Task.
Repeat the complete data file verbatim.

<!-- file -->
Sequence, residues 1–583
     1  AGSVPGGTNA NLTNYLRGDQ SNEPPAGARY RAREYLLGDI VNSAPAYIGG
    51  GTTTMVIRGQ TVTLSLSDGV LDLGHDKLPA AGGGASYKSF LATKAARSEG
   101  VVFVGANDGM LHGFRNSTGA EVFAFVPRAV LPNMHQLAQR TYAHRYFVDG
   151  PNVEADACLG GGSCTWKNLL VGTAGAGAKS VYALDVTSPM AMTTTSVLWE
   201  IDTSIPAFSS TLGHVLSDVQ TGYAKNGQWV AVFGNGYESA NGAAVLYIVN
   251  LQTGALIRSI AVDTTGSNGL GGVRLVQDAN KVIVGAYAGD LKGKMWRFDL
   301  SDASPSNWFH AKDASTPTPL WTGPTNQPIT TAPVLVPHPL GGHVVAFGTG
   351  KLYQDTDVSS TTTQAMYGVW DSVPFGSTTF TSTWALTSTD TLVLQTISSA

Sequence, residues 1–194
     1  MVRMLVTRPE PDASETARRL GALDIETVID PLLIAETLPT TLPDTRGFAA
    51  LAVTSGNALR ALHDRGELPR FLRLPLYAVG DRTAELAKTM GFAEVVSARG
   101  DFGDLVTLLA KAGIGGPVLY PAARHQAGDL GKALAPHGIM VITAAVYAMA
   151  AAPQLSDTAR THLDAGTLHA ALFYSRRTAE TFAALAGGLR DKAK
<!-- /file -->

Sequence, residues 1–583
     1  AGSVPGGTNA NLTNYLRGDQ SNEPPAGARY RAREYLLGDI VNSAPAYIGG
    51  GTTTMVIRGQ TVTLSLSDGV LDLGHDKLPA AGGGASYKSF LATKAARSEG
   101  VVFVGANDGM LHGFRNSTGA EVFAFVPRAV LPNMHQLAQR TYAHRYFVDG
   151  PNVEADACLG GGSCTWKNLL VGTAGAGAKS VYALDVTSPM AMTTTSVLWE
   201  IDTSIPAFSS TLGHVLSDVQ TGYAKNGQWV AVFGNGYESA NGAAVLYIVN
   251  LQTGALIRSI AVDTTGSNGL GGVRLVQDAN KVIVGAYAGD LKGKMWRFDL
   301  SDASPSNWFH AKDASTPTPL WTGPTNQPIT TAPVLVPHPL GGHVVAFGTG
   351  KLYQDTDVSS TTTQAMYGVW DSVPFGSTTF TSTWALTSTD TLVLQTISSA

Sequence, residues 1–194
     1  MVRMLVTRPE PDASETARRL GALDIETVID PLLIAETLPT TLPDTRGFAA
    51  LAVTSGNALR ALHDRGELPR FLRLPLYAVG DRTAELAKTM GFAEVVSARG
   101  DFGDLVTLLA KAGIGGPVLY PAARHQAGDL GKALAPHGIM VITAAVYAMA
   151  AAPQLSDTAR THLDAGTLHA ALFYSRRTAE TFAALAGGLR DKAK